The risk increases if the buildings are what some in the industry call “toothpick towers,” multi-story structures made of lightweight wood, such as two-by-fours and plywood-like boards.

“You’re not talking about heavy solid oak wood,” says Glenn Corbett, an associate professor of fire science at the John Jay College of Criminal Justice in New York.

(RELATED: ‘Murph, it’s time to climb’: NC captain describes crane operator’s rescue)

The SouthPark Building, located on Liberty Row Drive, was a podium or pedestal structure. The lower floor was made of non-combustible materials such as concrete and steel, while the upper floors were made of wood.

Podium-style buildings are becoming increasingly common in Mecklenburg County and across the US. About a dozen of the apartment buildings were under construction in Mecklenburg County when the SouthPark fire broke out, a county spokesman said.

Fires have destroyed a number of massive wooden buildings under construction in recent years, from SouthPark and Raleigh in North Carolina to Prescott, Ariz ., Unpleasant Sacramento, California.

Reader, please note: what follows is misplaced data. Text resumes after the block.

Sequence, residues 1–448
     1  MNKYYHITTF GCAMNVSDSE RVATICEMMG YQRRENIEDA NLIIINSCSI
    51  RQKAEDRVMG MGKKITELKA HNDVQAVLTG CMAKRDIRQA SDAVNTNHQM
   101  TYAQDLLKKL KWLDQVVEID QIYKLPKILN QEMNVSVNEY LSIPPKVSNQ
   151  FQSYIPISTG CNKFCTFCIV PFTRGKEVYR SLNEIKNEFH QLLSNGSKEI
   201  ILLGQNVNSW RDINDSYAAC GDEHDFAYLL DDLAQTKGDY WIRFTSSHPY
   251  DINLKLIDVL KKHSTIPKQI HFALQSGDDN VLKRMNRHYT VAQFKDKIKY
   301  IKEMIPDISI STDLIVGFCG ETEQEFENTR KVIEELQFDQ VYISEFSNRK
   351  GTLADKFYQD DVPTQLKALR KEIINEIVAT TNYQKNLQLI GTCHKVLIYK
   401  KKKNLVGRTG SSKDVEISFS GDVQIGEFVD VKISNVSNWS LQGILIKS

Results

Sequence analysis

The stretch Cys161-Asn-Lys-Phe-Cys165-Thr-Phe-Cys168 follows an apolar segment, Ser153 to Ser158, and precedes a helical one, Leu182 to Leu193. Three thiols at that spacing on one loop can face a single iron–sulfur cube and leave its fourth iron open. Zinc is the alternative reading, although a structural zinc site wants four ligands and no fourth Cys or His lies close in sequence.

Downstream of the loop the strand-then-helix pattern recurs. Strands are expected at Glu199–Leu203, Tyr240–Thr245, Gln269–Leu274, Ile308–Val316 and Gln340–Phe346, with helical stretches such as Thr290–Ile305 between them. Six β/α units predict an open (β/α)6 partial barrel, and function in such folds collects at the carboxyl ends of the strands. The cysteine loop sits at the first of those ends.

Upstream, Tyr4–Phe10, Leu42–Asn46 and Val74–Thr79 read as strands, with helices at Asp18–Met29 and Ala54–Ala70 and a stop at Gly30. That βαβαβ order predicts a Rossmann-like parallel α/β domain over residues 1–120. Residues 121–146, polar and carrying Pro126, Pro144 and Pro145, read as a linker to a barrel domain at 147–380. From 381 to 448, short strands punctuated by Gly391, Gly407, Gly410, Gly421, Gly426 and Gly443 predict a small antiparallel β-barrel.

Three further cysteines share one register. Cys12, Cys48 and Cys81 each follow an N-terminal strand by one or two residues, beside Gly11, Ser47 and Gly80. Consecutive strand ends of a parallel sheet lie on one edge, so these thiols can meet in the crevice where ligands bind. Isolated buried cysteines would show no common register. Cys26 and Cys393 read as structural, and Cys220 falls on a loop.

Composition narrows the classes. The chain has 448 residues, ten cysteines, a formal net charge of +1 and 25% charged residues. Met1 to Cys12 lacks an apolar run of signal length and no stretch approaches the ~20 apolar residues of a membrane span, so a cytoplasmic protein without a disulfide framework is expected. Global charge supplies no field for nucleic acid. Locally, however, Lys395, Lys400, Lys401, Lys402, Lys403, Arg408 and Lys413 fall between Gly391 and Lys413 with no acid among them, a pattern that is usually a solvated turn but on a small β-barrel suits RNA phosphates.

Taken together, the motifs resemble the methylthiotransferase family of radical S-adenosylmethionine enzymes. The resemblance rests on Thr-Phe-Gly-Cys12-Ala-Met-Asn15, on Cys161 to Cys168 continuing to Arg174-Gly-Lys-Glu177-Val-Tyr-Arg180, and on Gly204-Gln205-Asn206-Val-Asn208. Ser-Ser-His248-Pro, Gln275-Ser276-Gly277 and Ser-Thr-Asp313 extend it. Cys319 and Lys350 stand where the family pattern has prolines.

The best way to make these construction sites safe is to limit their size, which the new code does not do, Corbett said.

“The problem is you’re trying to oversee King Kong in chains,” Corbett said of the new fire standards. “And Child Kong is all the wood…. How do we make something safe that is inherently unsafe?”

Newer codes

The National Fire Protection Association’s updated standards require several safety measures that are now not necessary here when building large wooden structures, said Charlie Johnson, chief fire code consultant for the N.C. Office of State Fire Marshal.

There is a need for an on-site fire prevention program manager to conduct and record daily safety inspections, which can be shared with local building and fire officials.

(RELATED: ‘We had several maydays’: NC firefighters trapped during fire rescues)

According to the Charlotte Fire Department’s investigation into the fire, the SouthPark building did not have an active standpipe or water connection the height of the building.